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Why We Do What We Do

We act in certain ways because we’re driven by what we call human nature. Over the centuries, there have been varying views of what that entails. “The bad news on human nature, in 10 findings from psychology” by neuroscientist Christian Jarrett (Aeon, 12/5/18, adaptation of an article published by The British Psychological Society’s Research Digest, accessed 12/7/18) may help you understand more about why we and others say and do things that are not always in our best interest. Here are some evidence-based conclusions about our baser desires and reactions. · We believe that people deserve their fate and blame the less fortunate for what happens to them. In part, this may be why many dysregulated eaters are hard on themselves and confuse taking responsibility for their actions with self-blame. · We are not particularly rational, open-minded creatures. Remember this when you’re arguing with someone and the facts that you present...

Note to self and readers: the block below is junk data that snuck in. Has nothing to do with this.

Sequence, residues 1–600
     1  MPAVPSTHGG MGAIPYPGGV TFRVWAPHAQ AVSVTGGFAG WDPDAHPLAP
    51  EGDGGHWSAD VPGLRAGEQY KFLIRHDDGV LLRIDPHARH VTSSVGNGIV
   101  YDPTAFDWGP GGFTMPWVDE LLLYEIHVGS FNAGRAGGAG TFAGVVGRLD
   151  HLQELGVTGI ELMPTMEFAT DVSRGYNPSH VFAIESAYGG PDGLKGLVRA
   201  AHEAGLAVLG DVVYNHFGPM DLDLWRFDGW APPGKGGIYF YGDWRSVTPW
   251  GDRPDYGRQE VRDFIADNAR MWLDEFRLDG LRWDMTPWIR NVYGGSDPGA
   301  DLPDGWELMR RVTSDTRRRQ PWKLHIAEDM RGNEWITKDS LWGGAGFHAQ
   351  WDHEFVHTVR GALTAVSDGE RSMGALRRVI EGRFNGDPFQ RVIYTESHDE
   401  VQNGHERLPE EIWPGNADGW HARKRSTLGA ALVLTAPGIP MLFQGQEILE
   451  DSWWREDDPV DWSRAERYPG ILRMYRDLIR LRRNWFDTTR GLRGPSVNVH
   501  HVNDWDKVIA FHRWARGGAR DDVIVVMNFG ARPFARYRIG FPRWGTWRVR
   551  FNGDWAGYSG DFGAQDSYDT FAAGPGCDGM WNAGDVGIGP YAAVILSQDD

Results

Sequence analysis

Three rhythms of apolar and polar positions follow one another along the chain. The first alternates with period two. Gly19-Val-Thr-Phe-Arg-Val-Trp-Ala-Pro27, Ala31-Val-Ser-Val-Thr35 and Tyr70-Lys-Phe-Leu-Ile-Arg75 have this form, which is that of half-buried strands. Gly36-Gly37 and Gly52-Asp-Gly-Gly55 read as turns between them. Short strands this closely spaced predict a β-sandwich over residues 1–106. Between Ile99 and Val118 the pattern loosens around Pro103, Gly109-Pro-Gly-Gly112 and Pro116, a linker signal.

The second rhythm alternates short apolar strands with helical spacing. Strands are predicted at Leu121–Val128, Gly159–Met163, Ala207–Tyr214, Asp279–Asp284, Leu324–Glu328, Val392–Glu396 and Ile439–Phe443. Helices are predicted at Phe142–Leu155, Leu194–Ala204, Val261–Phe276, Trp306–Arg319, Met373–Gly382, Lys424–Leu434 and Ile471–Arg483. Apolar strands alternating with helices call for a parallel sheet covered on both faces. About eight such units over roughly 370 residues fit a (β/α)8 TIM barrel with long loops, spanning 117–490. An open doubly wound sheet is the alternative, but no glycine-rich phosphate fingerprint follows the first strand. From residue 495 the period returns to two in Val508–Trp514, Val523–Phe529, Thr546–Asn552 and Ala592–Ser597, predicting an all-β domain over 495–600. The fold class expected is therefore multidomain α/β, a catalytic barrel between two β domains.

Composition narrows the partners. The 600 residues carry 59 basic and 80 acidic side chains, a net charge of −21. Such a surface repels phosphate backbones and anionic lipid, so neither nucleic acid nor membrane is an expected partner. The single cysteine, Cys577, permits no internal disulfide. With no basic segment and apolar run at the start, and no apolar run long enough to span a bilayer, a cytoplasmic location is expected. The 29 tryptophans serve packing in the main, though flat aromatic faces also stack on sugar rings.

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What Constitutes an Adult?

This blog came about thanks to (another) lively and enlightening discussion I had with a client about what qualities make us feel like adults. Even when we’re chronological adults, we may not know how to act maturely or may have only a hazy idea of how adults ought to conduct themselves. After all, our concept of adulthood is rooted in a template of how our parents and other important grownups acted when we were children. Many dysregulated eaters may not have bothered to update this view, even long after they have become adults themselves. The discussion with my client on adulthood grew out of the conversation we’ve had on more than one occasion about her feelings when we touch on whether or not she acts childishly. This time, rather than focus on what behaviors or reactions might be childish or childlike, I headed in another direction: How did she feel about...